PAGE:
“Well I believe this is where we part ways,” he said. “You can settle the rest of your passage remuneration with Ingar.” Jesali’s stomach dropped as panic surged through her, caught off guard by the sudden and abrupt nature of Malrinn’s statement. How would she proceed alone? She had not realized just how lost she would feel when she reached the city. Without being able to speak the language, she had no idea how she would find Dem.

“I…,” she began, “Can I accompany you for a bit longer… just until I get my bearings?” Ingmar laughed from behind them. “Scared little bird.”
“I’m not scared,” she protested, “just a bit out of my element here.”

Malrinn looked at her without the least bit of compassion and spoke.
“I am no nursemaid, child. If you are to accompany us, you will need to look out for yourself.”
“Also, you pay more,” Ingar chimed in, grinning deviously and tapping his index finger into his upturned palm, “twice the deposit plus what you still owe.”

Jesali tried to do the mental arithmetic quickly, knowing that Malrinn was not a patient elf. She considered what remained in her coin purse, and shoving down her growing internal panic, decided that the continued assistance of Malrinn and protection of the brute Ingar were far more valuable than the gold.

“Alright,” she said. Ingar smiled widely, his hand seeming to caress phantom coins. Malrinn said nothing but his demeanor betrayed that it would not take much for him to end their relationship without warning. He turned back to the boy and gestured for him to lead on, and they followed as he led them through the winding streets of the city, to where, Jesali could only guess.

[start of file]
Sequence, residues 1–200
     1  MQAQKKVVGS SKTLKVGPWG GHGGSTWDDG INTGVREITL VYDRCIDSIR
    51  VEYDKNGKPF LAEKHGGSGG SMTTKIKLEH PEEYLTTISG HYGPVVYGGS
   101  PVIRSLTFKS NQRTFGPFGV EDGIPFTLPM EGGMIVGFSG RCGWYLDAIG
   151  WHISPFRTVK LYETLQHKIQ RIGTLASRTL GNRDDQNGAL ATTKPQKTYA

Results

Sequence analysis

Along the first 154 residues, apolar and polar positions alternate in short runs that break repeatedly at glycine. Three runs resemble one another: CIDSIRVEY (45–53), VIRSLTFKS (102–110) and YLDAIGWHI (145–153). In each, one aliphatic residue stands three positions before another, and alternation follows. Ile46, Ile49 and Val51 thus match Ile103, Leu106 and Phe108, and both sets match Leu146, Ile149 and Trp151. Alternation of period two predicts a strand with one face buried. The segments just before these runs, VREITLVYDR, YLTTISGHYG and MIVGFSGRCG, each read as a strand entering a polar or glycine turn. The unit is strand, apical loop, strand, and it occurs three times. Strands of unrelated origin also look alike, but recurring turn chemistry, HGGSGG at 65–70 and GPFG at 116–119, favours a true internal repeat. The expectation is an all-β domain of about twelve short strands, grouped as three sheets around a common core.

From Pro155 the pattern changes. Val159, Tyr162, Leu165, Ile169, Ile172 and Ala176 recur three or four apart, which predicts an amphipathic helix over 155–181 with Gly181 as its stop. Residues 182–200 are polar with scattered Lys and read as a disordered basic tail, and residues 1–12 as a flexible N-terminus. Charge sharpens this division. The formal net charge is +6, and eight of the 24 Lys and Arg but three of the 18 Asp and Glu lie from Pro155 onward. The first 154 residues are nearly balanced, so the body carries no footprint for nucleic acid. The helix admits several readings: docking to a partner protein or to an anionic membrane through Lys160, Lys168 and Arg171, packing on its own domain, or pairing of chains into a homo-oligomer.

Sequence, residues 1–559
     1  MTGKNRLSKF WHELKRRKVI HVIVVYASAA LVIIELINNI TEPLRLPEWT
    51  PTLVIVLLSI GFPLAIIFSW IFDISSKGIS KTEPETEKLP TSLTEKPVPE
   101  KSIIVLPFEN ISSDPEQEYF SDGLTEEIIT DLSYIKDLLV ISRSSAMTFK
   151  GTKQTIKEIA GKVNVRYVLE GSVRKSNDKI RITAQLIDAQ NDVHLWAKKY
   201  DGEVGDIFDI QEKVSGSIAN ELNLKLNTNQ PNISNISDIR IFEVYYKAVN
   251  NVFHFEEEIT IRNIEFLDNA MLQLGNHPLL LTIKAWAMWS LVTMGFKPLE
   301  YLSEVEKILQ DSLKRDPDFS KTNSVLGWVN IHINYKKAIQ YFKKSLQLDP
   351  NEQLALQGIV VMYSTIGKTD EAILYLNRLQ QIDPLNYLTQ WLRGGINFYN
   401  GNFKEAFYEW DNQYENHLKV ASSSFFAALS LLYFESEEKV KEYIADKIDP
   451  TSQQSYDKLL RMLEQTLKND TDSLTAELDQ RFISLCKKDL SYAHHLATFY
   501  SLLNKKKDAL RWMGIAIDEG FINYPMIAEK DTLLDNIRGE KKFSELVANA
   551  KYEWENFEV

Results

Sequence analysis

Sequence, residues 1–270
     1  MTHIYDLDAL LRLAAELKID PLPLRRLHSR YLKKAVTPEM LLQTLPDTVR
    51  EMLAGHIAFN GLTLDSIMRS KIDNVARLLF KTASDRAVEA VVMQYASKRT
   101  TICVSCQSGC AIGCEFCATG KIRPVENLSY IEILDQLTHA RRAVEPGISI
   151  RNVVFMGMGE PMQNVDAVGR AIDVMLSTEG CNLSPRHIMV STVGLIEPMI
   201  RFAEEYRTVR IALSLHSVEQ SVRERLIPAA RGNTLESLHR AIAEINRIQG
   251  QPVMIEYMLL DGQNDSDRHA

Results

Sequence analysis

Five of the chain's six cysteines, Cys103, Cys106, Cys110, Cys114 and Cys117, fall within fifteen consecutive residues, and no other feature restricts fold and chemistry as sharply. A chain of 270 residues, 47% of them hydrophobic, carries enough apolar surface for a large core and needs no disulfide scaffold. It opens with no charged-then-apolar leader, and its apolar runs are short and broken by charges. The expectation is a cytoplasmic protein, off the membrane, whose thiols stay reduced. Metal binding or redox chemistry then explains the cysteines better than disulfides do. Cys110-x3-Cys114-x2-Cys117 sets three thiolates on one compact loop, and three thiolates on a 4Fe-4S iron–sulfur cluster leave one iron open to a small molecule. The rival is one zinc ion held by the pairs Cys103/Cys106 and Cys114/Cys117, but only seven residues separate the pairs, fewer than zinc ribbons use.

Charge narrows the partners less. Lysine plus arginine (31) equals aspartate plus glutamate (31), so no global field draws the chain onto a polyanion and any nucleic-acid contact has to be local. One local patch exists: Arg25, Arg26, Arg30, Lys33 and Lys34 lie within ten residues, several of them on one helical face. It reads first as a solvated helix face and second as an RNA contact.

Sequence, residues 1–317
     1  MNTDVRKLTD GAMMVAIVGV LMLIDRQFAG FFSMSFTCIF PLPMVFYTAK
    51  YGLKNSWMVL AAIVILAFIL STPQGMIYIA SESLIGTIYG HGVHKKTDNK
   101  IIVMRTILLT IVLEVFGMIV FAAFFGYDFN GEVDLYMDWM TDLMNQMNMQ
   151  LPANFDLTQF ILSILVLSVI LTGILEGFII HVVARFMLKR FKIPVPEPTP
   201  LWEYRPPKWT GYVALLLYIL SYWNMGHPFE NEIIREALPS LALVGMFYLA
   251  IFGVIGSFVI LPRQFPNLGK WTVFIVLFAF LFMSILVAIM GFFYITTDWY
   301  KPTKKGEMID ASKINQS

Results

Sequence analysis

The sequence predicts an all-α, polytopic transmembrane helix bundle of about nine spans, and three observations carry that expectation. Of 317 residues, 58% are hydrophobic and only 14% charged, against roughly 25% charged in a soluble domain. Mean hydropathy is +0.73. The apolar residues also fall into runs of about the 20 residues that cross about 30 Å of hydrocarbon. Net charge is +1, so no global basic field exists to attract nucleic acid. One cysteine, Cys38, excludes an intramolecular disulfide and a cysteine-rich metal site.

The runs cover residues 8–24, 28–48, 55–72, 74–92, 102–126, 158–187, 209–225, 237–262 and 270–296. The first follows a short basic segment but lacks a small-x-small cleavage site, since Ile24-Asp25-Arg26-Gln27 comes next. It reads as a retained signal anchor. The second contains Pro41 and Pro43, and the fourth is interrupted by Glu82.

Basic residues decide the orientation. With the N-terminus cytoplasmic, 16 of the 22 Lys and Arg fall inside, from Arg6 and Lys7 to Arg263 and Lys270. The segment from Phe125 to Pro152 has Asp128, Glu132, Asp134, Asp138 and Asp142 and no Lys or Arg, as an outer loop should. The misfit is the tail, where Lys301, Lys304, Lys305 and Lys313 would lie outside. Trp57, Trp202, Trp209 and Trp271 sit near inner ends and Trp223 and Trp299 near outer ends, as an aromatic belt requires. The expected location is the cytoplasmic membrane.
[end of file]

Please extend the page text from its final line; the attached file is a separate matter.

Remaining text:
***

Ortan and Dem sat around a roaring fire outside Dem’s tent; the same tent that Ortan had woken up in a few hours earlier. The waves of warm air that washed over Ortan as they radiated from the fire echoed the waves of relief he felt at the company of another person. He had been mostly alone since leaving Marecade, and he hadn’t noticed how much it had taken it’s toll until he was suddenly not anymore. The only other beings he’d seen in the past month that had not tried to kill him were the kind folks at the Waylight Inn and his mysterious new wolf friend, who currently lay curled at his feet, asleep in the warmth of the fire.

“He isn’t mine,” Dem had said when Ortan had thanked him for sending the wolf, “You seem to have a bit of a guardian angel.” Dem smiled and the irony of his devilish face smiling at the mention of angels was not lost on Ortan; Dem was the very embodiment of juxtaposition. “He found me here, camped in the village,” he continued. “You were poisoned -skaradyle venom, nasty stuff. You were quite fortunate he found me when he did. Had you gone much longer without intervention, I fear you would not be sitting here tonight.”

Ortan looked down at the beast asleep at his feet. After he had discovered Dem here in the ruins of the village Grache, he had assumed the wolf was some sort of magical or holy beast sent by the tiefling. Now he was left with so many questions. Was it just a normal wolf, abandoned by its pack, following him because he had fed it? Had he imagined it’s radiating light? Dem wasn’t as helpful in answering those questions as he would like and was, in Ortan’s opinion, a bit quick to attribute things to the work of the gods.